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Looking for a scene that stops you in your tracks? Here are six hikes that deliver the goods during the autumn leaf change. Choosing six was tough! There are a lot of hikes that could easily make the list, but I had to check myself or this list would go on forever…

The truth is, fall color displays change weekly, so knowing where to go is part research and part luck. Before heading out, Google the area where you plan to visit for recent color reports to fine-tune your plan. For example, the high Wasatch Mountains near where I live in Salt Lake City are exploding right now, but the lower trails are still green. In a week or so, I’ll move my runs lower on the mountain to stay in the stunner colors.

This list is pulled from all over the country in an effort to show that there’s color all over the nation, not just in the Northeast, a region famous for delivering miles of red, orange, and yellow landscapes. And with that, I’ll stop stalling and share what you came for, a list of six fall color hikes, or hiking areas, worth making the effort to get out of the car:

1. Bear Lake Loop, Rocky Mountain National Park, Colorado

Distance: 0.8 miles
Difficulty: Easy

6 Fall Color Hikes Worth Getting Out of the Car For – Bear Lake, RMNP

PHOTO: Kent Landerholm

This popular hike in RMNP delivers a new kind of beauty in the fall. That said, the entire park is spectacular. I’ve spent weeks hiking the area and never tire of the views. This hike is very short, so I’d add on a jaunt to one of the other lakes in the Bear Lake Corridor.

2. Stewart Falls, Sundance, Utah

Distance: 3.1 Miles
Difficulty: Moderate

Yes, Utah serves up fall color in a big way. And while I love a hike through yellow aspen, the color change excites me because I know it wont be long before the Greatest Snow on Earth™ replaces the leaves. The hike to Stewart Falls near Sundance Resort is a great way to transition to ski season.

3. McGee Creek Canyon, California

Distance: 6.5 Miles
Difficulty: Moderate

6 Fall Color Hikes Worth Getting Out of the Car For - McGee Creek

PHOTO: Matt Granz Photography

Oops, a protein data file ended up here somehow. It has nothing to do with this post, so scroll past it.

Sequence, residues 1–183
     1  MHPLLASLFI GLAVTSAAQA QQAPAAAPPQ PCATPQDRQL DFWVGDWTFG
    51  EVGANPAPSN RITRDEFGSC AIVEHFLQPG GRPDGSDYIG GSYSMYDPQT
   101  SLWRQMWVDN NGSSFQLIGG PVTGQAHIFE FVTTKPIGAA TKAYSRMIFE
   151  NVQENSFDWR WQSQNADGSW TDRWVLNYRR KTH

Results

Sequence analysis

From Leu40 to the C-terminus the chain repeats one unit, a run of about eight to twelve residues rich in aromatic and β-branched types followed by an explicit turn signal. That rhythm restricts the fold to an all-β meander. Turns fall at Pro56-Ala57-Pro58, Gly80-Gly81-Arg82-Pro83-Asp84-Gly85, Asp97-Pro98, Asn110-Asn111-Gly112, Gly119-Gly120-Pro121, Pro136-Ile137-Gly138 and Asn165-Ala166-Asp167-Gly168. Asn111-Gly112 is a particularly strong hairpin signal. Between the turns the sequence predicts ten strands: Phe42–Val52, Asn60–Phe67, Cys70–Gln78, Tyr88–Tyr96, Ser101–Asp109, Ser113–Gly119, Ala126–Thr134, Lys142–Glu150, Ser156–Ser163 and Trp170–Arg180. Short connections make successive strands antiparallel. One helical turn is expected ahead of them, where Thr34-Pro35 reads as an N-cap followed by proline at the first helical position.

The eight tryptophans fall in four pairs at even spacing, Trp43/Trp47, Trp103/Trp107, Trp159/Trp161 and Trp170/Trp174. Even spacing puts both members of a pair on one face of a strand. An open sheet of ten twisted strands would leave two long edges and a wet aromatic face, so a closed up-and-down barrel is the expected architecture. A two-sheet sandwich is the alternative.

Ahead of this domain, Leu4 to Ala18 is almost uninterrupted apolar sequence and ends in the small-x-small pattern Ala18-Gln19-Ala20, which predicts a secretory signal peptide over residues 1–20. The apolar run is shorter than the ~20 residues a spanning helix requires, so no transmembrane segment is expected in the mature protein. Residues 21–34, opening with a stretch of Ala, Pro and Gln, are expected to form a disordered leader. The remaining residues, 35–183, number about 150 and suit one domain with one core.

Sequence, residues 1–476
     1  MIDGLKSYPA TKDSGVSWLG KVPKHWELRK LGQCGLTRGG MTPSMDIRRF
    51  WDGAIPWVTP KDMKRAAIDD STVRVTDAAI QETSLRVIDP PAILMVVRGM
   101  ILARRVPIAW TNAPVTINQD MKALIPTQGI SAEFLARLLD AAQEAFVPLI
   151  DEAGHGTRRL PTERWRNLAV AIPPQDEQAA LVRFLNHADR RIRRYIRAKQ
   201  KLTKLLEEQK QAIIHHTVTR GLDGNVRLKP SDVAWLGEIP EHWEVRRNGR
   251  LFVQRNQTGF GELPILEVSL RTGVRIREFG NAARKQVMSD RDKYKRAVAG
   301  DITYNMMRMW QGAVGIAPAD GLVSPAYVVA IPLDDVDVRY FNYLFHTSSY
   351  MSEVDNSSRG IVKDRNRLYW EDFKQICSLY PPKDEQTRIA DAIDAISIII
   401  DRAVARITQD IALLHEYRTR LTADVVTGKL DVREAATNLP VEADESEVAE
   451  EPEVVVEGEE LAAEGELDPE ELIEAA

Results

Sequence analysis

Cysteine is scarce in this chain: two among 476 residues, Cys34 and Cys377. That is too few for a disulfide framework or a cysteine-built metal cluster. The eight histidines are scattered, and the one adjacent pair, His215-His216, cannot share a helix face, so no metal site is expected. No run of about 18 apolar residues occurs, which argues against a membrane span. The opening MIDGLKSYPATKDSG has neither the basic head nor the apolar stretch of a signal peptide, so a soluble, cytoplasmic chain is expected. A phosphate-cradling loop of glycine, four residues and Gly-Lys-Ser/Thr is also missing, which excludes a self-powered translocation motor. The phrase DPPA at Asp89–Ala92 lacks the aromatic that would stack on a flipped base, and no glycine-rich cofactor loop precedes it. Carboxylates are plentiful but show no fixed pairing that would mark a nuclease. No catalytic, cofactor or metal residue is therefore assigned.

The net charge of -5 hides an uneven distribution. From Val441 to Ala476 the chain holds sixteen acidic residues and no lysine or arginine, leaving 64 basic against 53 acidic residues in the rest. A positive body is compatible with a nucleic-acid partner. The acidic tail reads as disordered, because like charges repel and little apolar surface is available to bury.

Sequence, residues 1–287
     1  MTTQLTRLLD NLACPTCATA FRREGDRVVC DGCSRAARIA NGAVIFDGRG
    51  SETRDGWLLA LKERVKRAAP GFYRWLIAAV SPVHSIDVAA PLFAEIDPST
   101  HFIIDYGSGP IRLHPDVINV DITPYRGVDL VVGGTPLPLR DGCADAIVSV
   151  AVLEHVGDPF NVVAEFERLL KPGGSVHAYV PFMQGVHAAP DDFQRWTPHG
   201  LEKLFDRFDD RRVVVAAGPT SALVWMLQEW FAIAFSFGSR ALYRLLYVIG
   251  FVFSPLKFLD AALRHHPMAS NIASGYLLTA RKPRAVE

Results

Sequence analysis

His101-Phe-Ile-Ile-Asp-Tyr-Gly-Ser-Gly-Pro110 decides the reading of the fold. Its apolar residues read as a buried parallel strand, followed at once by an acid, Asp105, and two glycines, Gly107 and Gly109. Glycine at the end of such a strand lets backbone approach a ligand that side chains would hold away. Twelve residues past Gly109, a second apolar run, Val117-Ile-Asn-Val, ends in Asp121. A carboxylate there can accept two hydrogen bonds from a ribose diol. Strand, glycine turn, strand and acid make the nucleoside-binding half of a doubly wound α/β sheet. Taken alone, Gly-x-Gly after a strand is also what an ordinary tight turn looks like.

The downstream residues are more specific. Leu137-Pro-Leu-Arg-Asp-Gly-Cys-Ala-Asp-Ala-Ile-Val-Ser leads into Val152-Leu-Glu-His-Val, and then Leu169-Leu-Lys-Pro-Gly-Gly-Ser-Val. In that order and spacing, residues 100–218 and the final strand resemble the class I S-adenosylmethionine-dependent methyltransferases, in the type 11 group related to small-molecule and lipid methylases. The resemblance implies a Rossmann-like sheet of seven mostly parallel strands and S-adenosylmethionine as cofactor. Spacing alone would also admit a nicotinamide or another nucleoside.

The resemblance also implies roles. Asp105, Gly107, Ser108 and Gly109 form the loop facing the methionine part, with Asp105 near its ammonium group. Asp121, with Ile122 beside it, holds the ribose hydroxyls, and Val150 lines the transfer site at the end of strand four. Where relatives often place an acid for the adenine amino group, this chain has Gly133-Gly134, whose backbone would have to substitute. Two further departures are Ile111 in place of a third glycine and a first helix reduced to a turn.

The colors on this hike decorate in tendrils rather than blanketing the canyons. Where the color stops, rugged rocks take over, creating a dramatic image. It’s also dog friendly. While you’re in the area, consider visiting Bishop Lake, another spectacular locations to view autumn leaves.

4. North Shore of Lake Superior, Minnesota 

This is an area rather than a specific trail. There are plenty of hiking options to choose from depending on your stamina, where the colors are peaking, and which scene appeals to you most. Try the 5-mile Split Rock River Loop for elevated river and valley views.

5. Babcock State Park, West Virginia

6 Fall Color Hikes Worth Getting Out of the Car For - Babcock State Park Grist Mill

PHOTO: A.D. Wheeler

The Glade Creek Grist Mill located in the park is interesting and pretty year-round, but really impresses when surrounds by color. There are a number of trails in the park. Try hiking the Island in the Sky Trail connected to the Wilderness trail for views and interesting rock features. The trailhead is located at the grist-mill.

A webcam is available on the park site if you want to check how the leaves are coming along. Right now they are pre-peak (September 26th). Additionally, Babcock State Park is close the New River Gorge area, which has great potential for bright displays and has a bundle of challenging climbing routes if you’d like to view the colors a different way.

6. Mt. Megunticook Trail, Camden Hills State Park, Maine

Distance: 2.0 Miles
Difficulty: Moderate

6 Fall Color Hikes Worth Getting Out of the Car For - Camden Hills State Park (view of town)

PHOTO: Christopher Ramirez

High open views of the ocean and rugged rocks make this hike a winner for viewing fall color. It’s a short hike, just two miles out and back, but will get your pulse up with some elevation gain.

I hope this list inspires you to visit one of these gorgeous trails or find others. What fall color trails would you recommend? List them below in comments! Oh and please share images of your hikes with me via Twitter or Instagram by tagging @active_explorer.

Happy hiking!

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